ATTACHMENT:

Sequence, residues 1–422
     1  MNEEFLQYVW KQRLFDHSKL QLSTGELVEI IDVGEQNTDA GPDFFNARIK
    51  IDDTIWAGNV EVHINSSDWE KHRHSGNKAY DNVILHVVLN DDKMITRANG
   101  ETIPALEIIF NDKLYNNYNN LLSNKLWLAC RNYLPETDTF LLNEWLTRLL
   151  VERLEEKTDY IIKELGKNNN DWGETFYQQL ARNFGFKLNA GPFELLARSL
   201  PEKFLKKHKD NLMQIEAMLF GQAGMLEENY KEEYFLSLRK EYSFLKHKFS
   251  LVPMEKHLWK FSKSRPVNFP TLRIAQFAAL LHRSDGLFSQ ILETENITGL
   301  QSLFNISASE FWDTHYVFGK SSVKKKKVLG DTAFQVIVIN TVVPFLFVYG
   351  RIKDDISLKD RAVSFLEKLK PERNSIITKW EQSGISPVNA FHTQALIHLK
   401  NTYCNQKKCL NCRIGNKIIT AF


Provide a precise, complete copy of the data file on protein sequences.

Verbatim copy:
Sequence, residues 1–422
     1  MNEEFLQYVW KQRLFDHSKL QLSTGELVEI IDVGEQNTDA GPDFFNARIK
    51  IDDTIWAGNV EVHINSSDWE KHRHSGNKAY DNVILHVVLN DDKMITRANG
   101  ETIPALEIIF NDKLYNNYNN LLSNKLWLAC RNYLPETDTF LLNEWLTRLL
   151  VERLEEKTDY IIKELGKNNN DWGETFYQQL ARNFGFKLNA GPFELLARSL
   201  PEKFLKKHKD NLMQIEAMLF GQAGMLEENY KEEYFLSLRK EYSFLKHKFS
   251  LVPMEKHLWK FSKSRPVNFP TLRIAQFAAL LHRSDGLFSQ ILETENITGL
   301  QSLFNISASE FWDTHYVFGK SSVKKKKVLG DTAFQVIVIN TVVPFLFVYG
   351  RIKDDISLKD RAVSFLEKLK PERNSIITKW EQSGISPVNA FHTQALIHLK
   401  NTYCNQKKCL NCRIGNKIIT AF